بررسی رابطه سبکهای دلبستگی و آلکسیتیمیا: نقش واسطه ای مکانیسم های دفاعی
|کد مقاله||سال انتشار||مقاله انگلیسی||ترجمه فارسی||تعداد کلمات|
|31241||2013||6 صفحه PDF||سفارش دهید||محاسبه نشده|
Publisher : Elsevier - Science Direct (الزویر - ساینس دایرکت)
Journal : Asian Journal of Psychiatry, Volume 6, Issue 6, December 2013, Pages 571–576
This study examined the mediating role of ego defense mechanisms on the relationship between attachment styles and alexithymia. Four hundred and forty-three Iranian high school students (213 boys, 230 girls) participated in this study. Participants completed Defense Styles Questionnaire (DSQ-40), Adult Attachment Inventory (AAI), and Farsi version of the Toronto Alexithymia Scale (FTAS-20). Results showed a significant negative correlation between secure attachment style and alexithymia, while avoidant and ambivalent attachment styles showed significant positive associations with alexithymia. Regression analysis indicated that defense mechanisms have a mediating role between attachment styles and alexithymia. It can be concluded that a mediation role of ego defense mechanisms on the relationship between attachment styles and alexithymia was partial.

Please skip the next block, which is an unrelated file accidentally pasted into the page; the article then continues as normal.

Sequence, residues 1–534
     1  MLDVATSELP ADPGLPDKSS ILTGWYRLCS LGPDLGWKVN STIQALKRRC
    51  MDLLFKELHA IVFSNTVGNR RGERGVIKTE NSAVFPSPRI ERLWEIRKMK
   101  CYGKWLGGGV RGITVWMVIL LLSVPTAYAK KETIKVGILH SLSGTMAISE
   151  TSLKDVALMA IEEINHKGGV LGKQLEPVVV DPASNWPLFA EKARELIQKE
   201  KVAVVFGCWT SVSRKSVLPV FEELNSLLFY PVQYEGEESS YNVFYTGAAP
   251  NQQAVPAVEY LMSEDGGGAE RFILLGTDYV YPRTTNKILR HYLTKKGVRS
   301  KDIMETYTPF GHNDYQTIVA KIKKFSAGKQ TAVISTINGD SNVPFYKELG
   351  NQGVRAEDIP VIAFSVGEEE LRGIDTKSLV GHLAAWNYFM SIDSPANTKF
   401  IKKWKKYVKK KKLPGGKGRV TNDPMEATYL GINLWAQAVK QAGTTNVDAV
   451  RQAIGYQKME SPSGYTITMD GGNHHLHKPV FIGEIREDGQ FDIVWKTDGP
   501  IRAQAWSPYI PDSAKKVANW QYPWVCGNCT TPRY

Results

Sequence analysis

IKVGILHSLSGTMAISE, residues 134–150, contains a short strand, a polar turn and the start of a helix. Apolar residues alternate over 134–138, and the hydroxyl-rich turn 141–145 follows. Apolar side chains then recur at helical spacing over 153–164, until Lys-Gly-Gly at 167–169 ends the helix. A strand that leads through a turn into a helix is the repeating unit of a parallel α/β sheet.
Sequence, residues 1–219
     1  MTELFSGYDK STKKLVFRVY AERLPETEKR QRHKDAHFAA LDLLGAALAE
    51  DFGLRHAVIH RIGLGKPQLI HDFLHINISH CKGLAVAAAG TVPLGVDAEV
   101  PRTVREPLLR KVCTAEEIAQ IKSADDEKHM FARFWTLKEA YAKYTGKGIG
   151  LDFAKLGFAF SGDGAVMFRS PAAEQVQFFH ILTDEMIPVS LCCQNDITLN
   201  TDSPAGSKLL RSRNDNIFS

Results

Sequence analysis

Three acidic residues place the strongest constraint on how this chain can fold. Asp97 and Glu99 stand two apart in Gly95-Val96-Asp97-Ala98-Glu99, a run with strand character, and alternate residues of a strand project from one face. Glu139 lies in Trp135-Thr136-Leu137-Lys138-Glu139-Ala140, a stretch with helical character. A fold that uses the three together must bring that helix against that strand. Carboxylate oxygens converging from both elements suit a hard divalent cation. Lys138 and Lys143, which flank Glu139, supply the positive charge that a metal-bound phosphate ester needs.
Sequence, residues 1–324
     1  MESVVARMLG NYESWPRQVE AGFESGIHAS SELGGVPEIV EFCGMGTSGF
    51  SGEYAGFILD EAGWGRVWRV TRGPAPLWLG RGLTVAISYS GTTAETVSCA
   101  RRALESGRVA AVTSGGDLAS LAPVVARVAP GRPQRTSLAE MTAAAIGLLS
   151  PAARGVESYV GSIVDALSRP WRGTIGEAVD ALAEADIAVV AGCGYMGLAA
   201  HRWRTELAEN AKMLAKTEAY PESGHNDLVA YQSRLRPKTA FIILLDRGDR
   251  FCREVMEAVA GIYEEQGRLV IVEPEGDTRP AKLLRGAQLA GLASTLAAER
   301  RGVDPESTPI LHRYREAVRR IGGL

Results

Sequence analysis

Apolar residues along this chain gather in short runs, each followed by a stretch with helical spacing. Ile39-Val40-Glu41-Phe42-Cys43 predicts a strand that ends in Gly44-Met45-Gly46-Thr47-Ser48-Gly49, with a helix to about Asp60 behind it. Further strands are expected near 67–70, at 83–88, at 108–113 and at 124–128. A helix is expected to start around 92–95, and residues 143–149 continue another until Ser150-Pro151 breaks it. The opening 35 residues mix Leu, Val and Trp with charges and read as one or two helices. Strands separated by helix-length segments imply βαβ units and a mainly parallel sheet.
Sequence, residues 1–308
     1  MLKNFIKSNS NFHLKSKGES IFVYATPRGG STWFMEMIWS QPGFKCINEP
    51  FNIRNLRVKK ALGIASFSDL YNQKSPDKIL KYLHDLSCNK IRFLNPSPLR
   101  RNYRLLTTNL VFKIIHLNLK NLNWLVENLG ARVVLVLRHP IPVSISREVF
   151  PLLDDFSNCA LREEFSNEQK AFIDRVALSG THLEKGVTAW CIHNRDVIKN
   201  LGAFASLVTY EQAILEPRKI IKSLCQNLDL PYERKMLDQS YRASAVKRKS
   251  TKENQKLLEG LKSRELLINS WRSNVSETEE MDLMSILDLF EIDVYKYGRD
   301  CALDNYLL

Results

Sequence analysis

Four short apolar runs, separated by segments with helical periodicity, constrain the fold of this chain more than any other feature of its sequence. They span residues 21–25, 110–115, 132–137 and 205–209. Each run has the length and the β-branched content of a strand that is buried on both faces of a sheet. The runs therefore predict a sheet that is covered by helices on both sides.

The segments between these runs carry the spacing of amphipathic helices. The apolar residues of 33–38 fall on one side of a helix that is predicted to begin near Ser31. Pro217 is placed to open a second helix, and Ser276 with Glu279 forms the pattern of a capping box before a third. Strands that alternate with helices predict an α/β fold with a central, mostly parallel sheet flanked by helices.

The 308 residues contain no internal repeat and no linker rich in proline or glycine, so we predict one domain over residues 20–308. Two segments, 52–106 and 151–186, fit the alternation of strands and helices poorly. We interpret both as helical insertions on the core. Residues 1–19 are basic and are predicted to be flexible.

Alexithymia refers to deficit in the ability to recognize and express of emotions, use of concrete speech and thoughts related to external events, and a paucity of fantasy life. It has four main characteristics: (a) disability in distinguishing emotions; (b) disability in describing feelings; (c) constricted imagination; and (d) concrete cognitive style (e.g., Chambers et al., 2009 and Kreibig, 2010). It is also described as a difficulty in emotion regulation (e.g., Bermond et al., 2010 and Stasiewicz et al., 2012) which is the complex process of interaction between neurophysiological, motor-expressive, and cognitive-experiential systems of emotions. Because of this, alexithymia elicits in different forms such as disabilities to conceptualization of affect, distinguish among emotions, experience of emotions consciously and describe the stress which is displaced to body dysfunctions (Nemiah, 2000). Alexithymia has association with a variety of psychological disorders and physical illnesses (Evren et al., 2012). Therefore, it is important to know more about the developmental background of alexithymia. Studies show that childhood experiences with caregivers who do not express their emotions, and use insufficient strategies of responding to children's negative emotions, have a strong effect in emotion regulation in adulthood (e.g., Carrère and Bowie, 2012 and Roque and Veríssimo, 2011). These findings imply that the ability to recognize, describe and regulate emotions is related to child's relationships with attachment figures. Research on the relationship between attachment styles and alexithymia shows that alexithymia features are more common in the insecure attachment styles (Besharat, 2010). Family studies of alexithymia show that children who grow up in an emotionally and physically insecure environments which prevent them from expressing emotions do not learn successful coping skills for their emotions and consequently feel discomfort when they do experience emotions (e.g., Besharat, 2010). These difficulties, in addition to lack of appropriate patterns for expressing emotions, may lead to anxiety and ambivalence toward expressing emotions (e.g., Karukivi et al., 2011). Individuals with poor maternal care experiences show alexithymia characteristics, especially difficulties in expressing emotions (e.g., Karukivi et al., 2011). Insecure attachment may cause failure in learning how to feel and may pave the way for alexithymia (Wearden et al., 2005). Insecure feelings in attachment relationships anticipate defect and inadequacy in the identification of and expressing of emotions (Dewitte et al., 2010). Despite these studies, we do not fully understand the mechanisms via which attachment style can affect emotion regulation. Therefore, it is important to assess the variables which have a mediator effect on this relationship. Freud (1923) believed that ego defense style and frequency of using defense mechanisms are the mains factor in the understanding of personality and psychopathology. Mickelson et al. (1997) noted that psychological defense styles may serve as moderators or mediators of early negative relationships and adult psychopathology. Therefore, it can be predicted that defense mechanisms may play an important role in the development of alexithymia when attachment style is insecure. Defense mechanisms are automatic self regulating processes which reduce cognitive discrepancies and minimize sudden changes in external and internal reality by distorting the perception of threatening events (Vaillant, 1994). Andrews et al. (1993) categorized three defense styles based on twenty defense mechanisms suggested by Vaillant (1976). These are named “mature”, “neurotic” and “immature”. The mature defense style represents normal and adaptive methods of coping whereas the immature and neurotic styles are dysfunctional and maladaptive coping strategies. Defense mechanisms are associated with physical and psychological consequences (Vaillant, 2000) and predict several kinds of psychopathology in adolescents (Besharat and Shahidi, 2011 and Kwon and Olson, 2007). Several studies show that development of defense mechanisms is affected by attachment style (Besharat et al., 2001 and McMahon et al., 2005). The way people cope with stressful conditions is influenced by their defense styles, which in turn is determined by their attachment styles (Kobak and Sceery, 1988). On the other hand, it was shown that dysfunctional defense mechanisms are associated with disabilities in recognizing and expressing of affects (Besharat, 2010 and Besharat and Shahidi, 2011). The present study was aimed to examine the mediating role of defense mechanisms on the relationship between attachment styles and alexithymia. By considering theoretical and research findings in this field, there are three hypotheses for this study: (1) there is a negative relationship between secure attachment style and alexithymia; (2) there is a positive relationship between insecure attachment styles and alexithymia; (3) defense mechanisms have a mediating role on the relationship between attachment styles and alexithymia.